- The Washington Times - Wednesday, January 22, 2020

Former National Security Adviser Michael Flynn should get probation and no prison time for lying to the FBI, his lawyer said in a court filing Wednesday.

Attorneys for Flynn argued he deserves leniency because he cooperated with former special counsel Robert Mueller’s investigation into Russian interference in the 2016 election. They also assert he should receive credit for his more than 30 years of service in the U.S. Army, which included dangerous foreign deployments.

“Mr. Flynn dedicated his life to serving his country,” defense attorney Sidney Powell wrote. “While the defendants in other cases cited by the government were working to benefit themselves, Mr. Flynn wrote a blank check on his life and put himself in harm’s way for more than five years in foreign deployments and thirty-three years of service to protect all Americans.”

Flynn is scheduled to be sentenced Feb. 27, but his legal team is seeking to withdraw his guilty plea. U.S. District Judge Emmet Sullivan is expected to rule within the next month on whether Flynn can change his plea.

Ms. Powell in Wednesday’s filing urged Judge Sullivan not to schedule a sentencing hearing, in hopes he’ll accept the plea withdraw.

Prosecutors in 2018 had recommended that Flynn not get prison time, citing his “substantial assistance” to the Russia probe. They wrote in a filing that he was among the first defendants to offer cooperation in the special counsel’s probe and provided a road map that led to cooperation from others.

But Flynn’s relationship with the government soured last summer after he fired his legal team and replaced them with Ms. Powell, a combative conspiracy theorist who has fiercely criticized Mr. Mueller during television appearances.

Ms. Powell immediately asserted increasingly nasty claims of prosecutorial misconduct by the government, FBI and others. She has insisted the government operated in “bad faith” and “vindictiveness.”

The animosity culminated last week when Flynn asked to reverse the guilty plea he entered in December 2017 after he copped to lying to investigators about his conversation with a former Russian ambassador.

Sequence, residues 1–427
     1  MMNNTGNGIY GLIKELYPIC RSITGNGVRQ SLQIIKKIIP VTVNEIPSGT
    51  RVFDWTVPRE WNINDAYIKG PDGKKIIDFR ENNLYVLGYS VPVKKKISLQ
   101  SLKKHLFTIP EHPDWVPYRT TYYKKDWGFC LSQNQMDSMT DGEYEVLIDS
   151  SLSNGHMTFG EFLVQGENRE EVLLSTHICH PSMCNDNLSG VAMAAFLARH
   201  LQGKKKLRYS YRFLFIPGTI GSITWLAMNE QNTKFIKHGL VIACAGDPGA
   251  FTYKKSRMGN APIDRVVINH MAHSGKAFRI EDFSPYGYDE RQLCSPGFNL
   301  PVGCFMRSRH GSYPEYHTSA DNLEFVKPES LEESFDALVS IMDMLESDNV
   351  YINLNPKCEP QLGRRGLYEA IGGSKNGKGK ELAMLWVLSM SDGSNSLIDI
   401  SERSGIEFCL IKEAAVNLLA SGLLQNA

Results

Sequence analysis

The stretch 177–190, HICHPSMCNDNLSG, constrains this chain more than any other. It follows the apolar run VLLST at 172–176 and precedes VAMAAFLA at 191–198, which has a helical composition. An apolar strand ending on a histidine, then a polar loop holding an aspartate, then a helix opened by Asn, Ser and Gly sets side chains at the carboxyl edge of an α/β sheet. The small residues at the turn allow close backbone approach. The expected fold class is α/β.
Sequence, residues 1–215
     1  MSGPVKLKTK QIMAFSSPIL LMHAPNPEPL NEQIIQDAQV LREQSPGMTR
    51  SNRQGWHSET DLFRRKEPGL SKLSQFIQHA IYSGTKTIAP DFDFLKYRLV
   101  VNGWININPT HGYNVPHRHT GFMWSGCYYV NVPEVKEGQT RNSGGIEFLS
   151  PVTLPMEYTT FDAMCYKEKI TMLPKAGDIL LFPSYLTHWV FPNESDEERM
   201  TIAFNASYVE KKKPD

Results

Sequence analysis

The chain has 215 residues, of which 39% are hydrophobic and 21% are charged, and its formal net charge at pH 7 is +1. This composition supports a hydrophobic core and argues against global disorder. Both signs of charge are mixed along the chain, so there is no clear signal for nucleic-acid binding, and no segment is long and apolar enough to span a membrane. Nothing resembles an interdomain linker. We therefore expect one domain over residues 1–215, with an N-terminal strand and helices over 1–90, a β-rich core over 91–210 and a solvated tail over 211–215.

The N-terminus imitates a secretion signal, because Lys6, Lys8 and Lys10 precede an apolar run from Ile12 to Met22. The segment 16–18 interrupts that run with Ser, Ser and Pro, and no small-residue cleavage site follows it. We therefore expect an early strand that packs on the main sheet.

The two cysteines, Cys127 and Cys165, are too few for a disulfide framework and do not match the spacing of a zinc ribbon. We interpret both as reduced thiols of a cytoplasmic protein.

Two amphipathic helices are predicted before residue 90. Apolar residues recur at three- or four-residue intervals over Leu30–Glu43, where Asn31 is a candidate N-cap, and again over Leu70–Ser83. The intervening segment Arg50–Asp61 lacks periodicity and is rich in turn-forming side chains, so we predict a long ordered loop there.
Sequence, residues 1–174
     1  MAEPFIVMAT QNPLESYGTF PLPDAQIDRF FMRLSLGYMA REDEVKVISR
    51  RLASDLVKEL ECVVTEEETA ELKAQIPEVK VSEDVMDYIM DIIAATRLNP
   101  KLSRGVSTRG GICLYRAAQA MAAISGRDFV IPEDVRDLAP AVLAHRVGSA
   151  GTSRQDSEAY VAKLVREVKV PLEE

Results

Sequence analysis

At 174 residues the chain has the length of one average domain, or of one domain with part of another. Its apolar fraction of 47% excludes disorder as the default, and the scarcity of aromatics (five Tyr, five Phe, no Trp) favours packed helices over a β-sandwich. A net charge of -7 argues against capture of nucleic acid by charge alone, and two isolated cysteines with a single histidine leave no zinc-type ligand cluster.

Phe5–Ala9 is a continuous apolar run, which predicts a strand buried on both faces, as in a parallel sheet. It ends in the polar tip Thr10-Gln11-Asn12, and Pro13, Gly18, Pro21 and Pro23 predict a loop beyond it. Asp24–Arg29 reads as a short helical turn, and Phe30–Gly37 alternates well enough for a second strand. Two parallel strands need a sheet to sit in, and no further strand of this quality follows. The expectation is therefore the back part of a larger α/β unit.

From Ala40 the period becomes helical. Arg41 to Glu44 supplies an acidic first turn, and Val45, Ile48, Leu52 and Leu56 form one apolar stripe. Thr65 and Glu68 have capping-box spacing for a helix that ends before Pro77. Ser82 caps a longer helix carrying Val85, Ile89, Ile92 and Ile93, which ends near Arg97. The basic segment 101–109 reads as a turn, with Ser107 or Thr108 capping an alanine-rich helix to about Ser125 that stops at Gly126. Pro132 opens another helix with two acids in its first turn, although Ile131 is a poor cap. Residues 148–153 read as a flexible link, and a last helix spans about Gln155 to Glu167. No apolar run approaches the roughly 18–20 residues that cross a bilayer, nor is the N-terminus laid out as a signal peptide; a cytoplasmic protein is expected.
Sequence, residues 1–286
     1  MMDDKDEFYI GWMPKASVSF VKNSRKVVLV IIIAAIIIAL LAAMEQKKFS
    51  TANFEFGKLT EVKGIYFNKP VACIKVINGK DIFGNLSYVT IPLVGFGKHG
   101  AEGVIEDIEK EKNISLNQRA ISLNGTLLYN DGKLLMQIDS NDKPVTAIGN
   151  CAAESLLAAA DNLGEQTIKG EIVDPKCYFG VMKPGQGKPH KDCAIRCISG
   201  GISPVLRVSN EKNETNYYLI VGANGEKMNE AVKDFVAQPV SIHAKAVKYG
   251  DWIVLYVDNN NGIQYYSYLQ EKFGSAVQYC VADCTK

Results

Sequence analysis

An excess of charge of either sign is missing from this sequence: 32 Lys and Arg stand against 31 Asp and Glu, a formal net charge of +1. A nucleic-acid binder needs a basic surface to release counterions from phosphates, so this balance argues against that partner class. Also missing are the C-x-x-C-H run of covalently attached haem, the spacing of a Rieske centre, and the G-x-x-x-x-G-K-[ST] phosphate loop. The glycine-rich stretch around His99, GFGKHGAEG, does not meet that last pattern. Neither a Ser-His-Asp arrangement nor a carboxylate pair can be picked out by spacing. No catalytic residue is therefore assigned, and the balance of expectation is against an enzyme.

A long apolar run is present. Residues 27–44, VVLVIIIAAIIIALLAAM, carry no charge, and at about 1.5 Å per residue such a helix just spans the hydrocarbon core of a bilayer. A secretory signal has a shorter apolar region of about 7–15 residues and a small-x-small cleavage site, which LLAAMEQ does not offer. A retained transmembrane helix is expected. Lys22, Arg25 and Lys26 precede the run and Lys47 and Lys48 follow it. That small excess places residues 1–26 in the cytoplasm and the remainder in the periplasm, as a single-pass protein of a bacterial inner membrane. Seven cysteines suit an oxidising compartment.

Flynn is the only Trump administration official to be charged in the Mueller probe. He was fired by President Trump after about a month as national security adviser.

Ms. Powell didn’t hold back in Wednesday’s filing, claiming prosecutor Brandon Van Grack pressured Flynn to lie as a cooperating witness in a foreign lobbying case brought against the Bijan Rafiekian, a onetime Flynn associate.

Flynn and prosecutors clashed over his testimony in the Rafiekian case. The government alleges Flynn changed his story while Ms. Powell says they prompted him to lie.

The government opted not to call Flynn as a witness in the case and said it was a factor in reversing their position on whether he should serve prison time.

But Ms. Powell sees it differently. She said the sentencing reversal is a “pedagogical example of actual vindictiveness.”

“This Court should swiftly reject the government’s brazen attempt to punish Mr. Flynn for refusing to compose rather than sing,” she wrote. “The reversal of its sentencing position is not only unjust, it is unlawful. If left unchecked, it will send a dangerous message to cooperators — give testimony consistent with the government’s theory of the case, regardless of veracity, or pay the price with your freedom.”

• Jeff Mordock can be reached at jmordock@washingtontimes.com.

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